· One of the most crucial elements comes into play before the stream even reaches your local PC. It takes a robust network to transfer high definition video data in real time, and unfortunately a bottleneck can occur in many places. The video stream may be experiencing slowdowns before it even gets to your home, courtesy of heavy traffic or inefficient servers and network infrastructure. Your Internet connection may lack the bandwidth to support HD streaming, especially during "peak hours" on a shared connection such as a cable ISP. For example, Netflix recommends a minimum of 5 Mbps for streaming HD quality video.
· Your home is likewise full of ways to thwart the free flow of video streaming data. Long cable runs, junctions and damaged wiring can introduce interference that intermittently slows down your connection, especially in older homes and multifamily dwellings. Wireless networks are prone to structural interference from walls and ceilings, and Wi-Fi bandwidth can easily be bogged down by simultaneous connections. In all these cases, you may have plenty of free bandwidth for most Internet activities, but watching streaming HD video pushes your connection to the point where minor inefficiencies become more obvious.
· Assuming that your network is optimized for streaming video, your computer itself may be improperly optimized. There are a number of simple fixes that you can try to relieve your CPU and other system resources, such as closing down applications and browser windows, stopping unnecessary background tasks and services, and making sure that your operating system and hardware drivers are all up to date. Anything that will cause your PC to run slightly slower during normal use will have a drastic impact on demanding tasks such as HD video streaming.
Video Card Demands
· All video tasks on your PC will depend greatly on the performance of your graphics hardware. If your system sports a cutting-edge PCI Express 3.0 video card with plenty of onboard memory and a GPU that handles multimedia subroutines, you don't need to worry. However, if your graphics card or onboard video is a few years past its prime, much of the video processing will be passed along to the system CPU and RAM.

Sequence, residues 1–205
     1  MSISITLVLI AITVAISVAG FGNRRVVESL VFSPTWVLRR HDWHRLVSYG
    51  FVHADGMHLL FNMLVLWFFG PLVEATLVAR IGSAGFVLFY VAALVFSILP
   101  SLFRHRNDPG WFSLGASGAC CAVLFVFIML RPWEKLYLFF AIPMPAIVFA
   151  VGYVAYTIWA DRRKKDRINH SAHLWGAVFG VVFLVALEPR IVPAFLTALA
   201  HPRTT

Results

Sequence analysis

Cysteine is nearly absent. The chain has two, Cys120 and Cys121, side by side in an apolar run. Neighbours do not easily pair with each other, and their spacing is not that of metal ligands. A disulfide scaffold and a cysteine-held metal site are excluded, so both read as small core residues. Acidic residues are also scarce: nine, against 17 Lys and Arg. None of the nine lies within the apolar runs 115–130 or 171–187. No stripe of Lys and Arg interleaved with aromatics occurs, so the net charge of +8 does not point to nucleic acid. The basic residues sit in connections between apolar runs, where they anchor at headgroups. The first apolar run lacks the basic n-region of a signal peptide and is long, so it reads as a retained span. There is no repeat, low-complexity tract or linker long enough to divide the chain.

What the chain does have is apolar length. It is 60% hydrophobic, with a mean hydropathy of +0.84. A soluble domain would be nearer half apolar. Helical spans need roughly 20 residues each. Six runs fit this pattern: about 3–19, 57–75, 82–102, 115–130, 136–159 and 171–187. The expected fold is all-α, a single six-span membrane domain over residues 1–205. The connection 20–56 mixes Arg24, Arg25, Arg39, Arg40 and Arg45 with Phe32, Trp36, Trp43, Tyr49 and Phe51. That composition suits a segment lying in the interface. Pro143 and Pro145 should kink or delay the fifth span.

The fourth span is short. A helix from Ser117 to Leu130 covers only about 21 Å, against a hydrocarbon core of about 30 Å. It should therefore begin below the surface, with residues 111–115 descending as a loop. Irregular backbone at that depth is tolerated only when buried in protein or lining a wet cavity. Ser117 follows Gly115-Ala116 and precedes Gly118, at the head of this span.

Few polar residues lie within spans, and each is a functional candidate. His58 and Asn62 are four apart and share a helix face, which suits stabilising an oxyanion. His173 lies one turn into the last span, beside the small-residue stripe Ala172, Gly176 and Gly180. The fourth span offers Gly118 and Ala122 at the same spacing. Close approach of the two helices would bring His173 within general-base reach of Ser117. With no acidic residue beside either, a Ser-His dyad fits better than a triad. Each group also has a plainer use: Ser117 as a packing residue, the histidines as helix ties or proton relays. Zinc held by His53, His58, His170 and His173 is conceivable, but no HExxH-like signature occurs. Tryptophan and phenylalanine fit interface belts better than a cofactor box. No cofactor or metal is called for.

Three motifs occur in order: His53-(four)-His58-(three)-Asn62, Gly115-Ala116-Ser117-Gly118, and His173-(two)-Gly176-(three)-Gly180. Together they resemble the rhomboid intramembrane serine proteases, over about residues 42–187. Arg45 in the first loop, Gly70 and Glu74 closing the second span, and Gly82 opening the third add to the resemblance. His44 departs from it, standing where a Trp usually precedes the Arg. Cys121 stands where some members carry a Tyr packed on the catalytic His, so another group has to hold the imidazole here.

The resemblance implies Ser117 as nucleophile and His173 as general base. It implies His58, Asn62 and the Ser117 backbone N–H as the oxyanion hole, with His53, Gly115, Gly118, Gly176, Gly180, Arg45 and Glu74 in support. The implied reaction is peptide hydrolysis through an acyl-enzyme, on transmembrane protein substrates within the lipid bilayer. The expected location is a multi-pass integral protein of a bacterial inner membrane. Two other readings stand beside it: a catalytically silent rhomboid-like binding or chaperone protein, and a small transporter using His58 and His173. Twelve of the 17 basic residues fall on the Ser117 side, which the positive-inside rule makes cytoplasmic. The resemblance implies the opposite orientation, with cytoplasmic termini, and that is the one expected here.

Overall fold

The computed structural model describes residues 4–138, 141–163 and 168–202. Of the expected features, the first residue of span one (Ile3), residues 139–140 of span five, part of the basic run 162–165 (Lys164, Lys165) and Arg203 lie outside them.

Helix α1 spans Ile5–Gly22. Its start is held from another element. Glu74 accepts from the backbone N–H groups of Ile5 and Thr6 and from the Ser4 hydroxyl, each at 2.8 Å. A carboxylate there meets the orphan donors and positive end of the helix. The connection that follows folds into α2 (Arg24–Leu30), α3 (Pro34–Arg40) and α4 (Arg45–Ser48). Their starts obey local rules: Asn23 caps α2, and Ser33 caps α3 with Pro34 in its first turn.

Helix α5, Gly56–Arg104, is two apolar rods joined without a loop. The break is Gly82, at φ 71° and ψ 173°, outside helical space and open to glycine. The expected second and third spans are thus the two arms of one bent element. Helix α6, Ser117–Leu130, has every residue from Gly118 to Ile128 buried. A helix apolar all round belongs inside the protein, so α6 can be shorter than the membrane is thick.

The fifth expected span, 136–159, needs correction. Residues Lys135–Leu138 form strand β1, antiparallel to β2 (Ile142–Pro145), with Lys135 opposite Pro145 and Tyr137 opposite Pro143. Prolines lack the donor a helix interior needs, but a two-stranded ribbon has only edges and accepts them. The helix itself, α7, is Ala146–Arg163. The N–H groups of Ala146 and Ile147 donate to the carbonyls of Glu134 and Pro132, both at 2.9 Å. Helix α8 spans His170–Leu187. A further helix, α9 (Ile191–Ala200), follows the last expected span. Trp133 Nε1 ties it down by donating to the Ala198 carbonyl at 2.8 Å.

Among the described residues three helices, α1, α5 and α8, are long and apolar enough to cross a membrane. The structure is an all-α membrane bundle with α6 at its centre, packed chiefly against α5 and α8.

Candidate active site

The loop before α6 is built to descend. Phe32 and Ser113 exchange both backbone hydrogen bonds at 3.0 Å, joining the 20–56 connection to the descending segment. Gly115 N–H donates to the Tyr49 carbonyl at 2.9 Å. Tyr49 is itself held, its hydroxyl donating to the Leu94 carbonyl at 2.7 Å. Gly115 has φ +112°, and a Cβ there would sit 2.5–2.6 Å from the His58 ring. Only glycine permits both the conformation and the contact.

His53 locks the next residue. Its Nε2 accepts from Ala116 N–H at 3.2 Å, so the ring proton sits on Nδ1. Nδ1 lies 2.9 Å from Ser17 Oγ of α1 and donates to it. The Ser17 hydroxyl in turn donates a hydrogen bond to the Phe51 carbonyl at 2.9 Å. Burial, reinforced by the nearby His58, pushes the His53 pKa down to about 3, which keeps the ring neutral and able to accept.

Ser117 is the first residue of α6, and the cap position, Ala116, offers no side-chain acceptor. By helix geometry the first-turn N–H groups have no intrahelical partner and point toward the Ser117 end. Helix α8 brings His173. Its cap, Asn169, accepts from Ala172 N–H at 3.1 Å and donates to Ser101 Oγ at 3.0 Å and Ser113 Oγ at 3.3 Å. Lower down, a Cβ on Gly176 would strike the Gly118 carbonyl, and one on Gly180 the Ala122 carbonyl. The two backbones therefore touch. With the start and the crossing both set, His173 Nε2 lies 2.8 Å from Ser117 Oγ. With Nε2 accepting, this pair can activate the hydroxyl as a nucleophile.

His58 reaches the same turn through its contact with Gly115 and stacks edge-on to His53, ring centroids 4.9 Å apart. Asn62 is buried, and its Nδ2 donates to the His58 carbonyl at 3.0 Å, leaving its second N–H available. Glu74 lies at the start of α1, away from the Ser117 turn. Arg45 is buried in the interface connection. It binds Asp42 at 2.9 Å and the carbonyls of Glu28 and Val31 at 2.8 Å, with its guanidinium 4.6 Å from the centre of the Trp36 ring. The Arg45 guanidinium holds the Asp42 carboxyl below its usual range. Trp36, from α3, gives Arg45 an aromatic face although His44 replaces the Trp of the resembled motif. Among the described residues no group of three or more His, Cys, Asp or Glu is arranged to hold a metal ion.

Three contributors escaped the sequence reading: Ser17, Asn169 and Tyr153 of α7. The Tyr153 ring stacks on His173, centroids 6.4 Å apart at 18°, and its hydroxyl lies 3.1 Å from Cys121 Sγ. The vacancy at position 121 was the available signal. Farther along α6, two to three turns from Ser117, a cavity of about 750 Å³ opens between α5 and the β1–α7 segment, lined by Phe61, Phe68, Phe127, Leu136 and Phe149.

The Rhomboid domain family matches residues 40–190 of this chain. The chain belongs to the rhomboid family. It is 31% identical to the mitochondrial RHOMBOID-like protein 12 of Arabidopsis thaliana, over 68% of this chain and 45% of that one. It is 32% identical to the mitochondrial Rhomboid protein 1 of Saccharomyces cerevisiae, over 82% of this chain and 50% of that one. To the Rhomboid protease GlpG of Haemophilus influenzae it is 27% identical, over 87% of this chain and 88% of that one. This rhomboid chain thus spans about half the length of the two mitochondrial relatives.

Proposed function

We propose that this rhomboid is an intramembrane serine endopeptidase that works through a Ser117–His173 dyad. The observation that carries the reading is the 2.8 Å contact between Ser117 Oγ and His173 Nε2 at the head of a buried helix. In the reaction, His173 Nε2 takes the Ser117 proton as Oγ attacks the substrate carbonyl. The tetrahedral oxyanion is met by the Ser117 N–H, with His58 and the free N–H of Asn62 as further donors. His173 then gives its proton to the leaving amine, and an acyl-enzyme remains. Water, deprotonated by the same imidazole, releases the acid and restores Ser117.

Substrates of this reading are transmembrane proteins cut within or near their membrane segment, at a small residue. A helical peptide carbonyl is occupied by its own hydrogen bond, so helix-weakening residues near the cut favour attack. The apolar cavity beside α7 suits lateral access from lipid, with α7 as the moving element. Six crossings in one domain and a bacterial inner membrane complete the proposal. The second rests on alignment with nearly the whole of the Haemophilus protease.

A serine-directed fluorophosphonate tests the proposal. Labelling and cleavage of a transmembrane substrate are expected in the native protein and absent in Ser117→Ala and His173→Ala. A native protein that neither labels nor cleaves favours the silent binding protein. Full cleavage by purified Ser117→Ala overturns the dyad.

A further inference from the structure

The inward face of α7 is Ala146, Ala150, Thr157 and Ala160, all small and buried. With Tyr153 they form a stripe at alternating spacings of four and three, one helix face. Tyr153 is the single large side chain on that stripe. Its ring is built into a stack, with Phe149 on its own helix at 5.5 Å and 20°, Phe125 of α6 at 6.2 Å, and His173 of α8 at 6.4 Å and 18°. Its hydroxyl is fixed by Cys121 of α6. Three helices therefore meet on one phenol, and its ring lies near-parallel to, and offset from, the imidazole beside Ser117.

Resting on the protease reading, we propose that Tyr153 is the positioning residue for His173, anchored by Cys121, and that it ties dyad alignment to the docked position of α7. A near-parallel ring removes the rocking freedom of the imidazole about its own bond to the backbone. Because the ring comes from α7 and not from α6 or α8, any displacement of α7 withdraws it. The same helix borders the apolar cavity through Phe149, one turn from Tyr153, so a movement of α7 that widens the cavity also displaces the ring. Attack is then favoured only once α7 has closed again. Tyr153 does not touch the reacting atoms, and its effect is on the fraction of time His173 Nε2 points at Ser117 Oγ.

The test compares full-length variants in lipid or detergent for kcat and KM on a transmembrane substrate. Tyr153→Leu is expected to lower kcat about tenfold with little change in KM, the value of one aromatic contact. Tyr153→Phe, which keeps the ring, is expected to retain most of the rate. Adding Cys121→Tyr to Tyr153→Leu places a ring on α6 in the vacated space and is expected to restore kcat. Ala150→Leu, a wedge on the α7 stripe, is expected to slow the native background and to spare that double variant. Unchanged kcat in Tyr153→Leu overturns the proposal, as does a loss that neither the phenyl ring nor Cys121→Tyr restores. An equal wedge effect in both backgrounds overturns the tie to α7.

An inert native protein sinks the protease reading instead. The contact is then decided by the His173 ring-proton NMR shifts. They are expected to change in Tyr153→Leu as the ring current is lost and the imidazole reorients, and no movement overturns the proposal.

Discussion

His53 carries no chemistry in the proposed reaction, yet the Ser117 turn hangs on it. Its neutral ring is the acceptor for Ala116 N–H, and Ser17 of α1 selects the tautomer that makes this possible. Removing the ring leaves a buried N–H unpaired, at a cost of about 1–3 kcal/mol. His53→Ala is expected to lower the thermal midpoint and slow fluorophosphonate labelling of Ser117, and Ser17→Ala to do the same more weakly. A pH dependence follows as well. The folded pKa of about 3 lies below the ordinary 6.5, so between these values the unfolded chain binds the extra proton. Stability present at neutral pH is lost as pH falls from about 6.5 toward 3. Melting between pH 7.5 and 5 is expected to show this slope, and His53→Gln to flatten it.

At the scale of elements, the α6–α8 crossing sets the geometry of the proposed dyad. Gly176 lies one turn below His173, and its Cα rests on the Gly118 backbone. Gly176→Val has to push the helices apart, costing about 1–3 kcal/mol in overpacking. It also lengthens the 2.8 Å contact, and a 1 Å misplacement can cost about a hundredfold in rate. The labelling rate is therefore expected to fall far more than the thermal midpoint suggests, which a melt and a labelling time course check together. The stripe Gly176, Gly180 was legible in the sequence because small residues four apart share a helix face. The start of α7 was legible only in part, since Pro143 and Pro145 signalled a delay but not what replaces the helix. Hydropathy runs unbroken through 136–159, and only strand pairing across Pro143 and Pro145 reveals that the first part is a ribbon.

Memory is Essential
· The importance of RAM in streaming video cannot be understated; if you have a low amount of RAM or an older memory interface, you may be expecting too much from your system. Hulu Plus recommends at least 128 MB of RAM, but your performance will benefit from upgrading to 4 GB or more of DDR3. If you see significant CPU usage, your memory may actually be the weak link -- your processor manages system memory, especially virtual memory, and when the RAM capacity or bandwidth is stressed, much of the "overflow" burden falls on the CPU.
· The CPU is also crucial for applications that utilize transcoding tasks (turning one video format into another) in real time, which can put a serious strain on available processing power. Like many video streaming providers, Amazon Instant Video uses Adobe Flash or Microsoft Silverlight, both of which access the CPU during streaming. Amazon recommends a Pentium 4 2.33GHz processor for PCs, and an Intel Core Duo 1.33 GHz as an absolute minimum, but the amount of data required by full-length HD video will likely require something much more powerful.